Overall, under-reporting is a critical issue that should be analyzed and treated by the hospitals on priority.
4 Reasons Behind Under-reporting in Hospitals
There are plenty of different reasons that generate under-reporting problems in hospitals worldwide. Some of the common underreporting causes in hospitals are:
Fear of Repercussion
One of the most common reasons why an incident goes unreported is a fear of repercussion. We don’t think there are any organisations in today’s day and age where an employee is penalised for taking the initiative.
Still, many staff that we have met on and off have mentioned that they are afraid it will reflect poorly on them if they reported an issue. Organisations may have to do more to ensure that an incident is not a reflection of the staff. From our discussions with our clients, this is often amongst the top few reasons why incidents go unreported.
No Time To Report
Staff on the floor are amongst the busiest people we meet on a given day. Incident reporting in such a dynamic is quite tricky. Most incident forms are lengthy and require the staff to write up in sufficient detail, then participate in multiple investigation sessions to complete the incident report.
Often incident reports have to be filed within a predetermined number of hours since the incident occurred. If they cannot do this, they usually forget and don’t get around to filing the same. It is especially true for incidents that don’t cause any harm to the patients as such since everyone’s priority is patient safety and care.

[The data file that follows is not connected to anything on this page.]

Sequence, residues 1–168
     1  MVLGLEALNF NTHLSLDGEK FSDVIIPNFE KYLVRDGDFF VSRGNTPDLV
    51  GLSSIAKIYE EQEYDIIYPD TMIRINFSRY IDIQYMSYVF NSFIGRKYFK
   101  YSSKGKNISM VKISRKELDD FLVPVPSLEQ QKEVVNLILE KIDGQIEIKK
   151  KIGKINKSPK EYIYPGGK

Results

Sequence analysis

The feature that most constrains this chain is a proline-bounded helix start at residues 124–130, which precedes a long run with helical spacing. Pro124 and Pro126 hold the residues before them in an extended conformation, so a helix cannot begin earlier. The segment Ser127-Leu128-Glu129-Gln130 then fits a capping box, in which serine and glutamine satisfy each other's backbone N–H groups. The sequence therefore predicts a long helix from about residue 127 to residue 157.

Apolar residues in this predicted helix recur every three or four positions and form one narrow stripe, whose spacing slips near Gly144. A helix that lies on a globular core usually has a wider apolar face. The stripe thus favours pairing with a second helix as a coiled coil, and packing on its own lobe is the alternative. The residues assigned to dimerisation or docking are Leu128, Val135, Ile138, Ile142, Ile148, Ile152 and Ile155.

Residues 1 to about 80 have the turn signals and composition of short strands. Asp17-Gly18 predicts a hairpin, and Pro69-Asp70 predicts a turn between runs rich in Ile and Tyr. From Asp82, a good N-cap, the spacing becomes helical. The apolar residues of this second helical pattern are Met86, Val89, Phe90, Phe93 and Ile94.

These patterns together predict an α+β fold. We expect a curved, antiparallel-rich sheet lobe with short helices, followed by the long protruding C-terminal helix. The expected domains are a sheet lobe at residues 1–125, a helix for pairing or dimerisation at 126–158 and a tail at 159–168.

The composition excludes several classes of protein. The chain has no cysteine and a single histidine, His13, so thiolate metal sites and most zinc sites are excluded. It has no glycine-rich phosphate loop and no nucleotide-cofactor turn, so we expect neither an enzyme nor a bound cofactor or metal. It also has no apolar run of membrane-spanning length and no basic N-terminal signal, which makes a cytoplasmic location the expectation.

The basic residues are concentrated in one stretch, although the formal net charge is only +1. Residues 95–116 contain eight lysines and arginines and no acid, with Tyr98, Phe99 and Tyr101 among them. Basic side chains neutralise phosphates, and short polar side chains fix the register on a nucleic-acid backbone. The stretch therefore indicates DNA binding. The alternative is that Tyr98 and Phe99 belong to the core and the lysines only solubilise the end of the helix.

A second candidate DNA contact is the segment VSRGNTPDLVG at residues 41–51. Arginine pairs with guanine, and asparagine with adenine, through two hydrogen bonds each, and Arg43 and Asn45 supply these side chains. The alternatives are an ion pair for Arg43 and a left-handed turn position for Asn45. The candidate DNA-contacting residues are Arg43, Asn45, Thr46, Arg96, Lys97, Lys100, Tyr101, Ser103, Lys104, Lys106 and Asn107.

Hospital staff often do not have time, and hence they may tend to ignore incidents that they believe are not serious enough. Lack of time is also one of the top reasons why under-reporting occurs, based on our discussions with our clients.
Lack of Transparency
Often the reporting person is wholly left out of the incident processing loop. Many organisations have a perfect reason to do this for some types of incidents too. But some processes are not designed to be transparent at all. The process leaves many people out, and they don’t understand how their reporting an incident helped the organisation or patient benefit. This can also lead the staff to believe that their incident report went into some “filing black hole”, and no one even had a chance to process their report.
It is possible to revise the incident process to be more transparent when it is digitalised. A digital system allows for frequent and early feedback to all the stakeholders. By being transparent, the system becomes more inclusive of all staff and helps them realise the value of their contribution.
Insufficient Training or Knowledge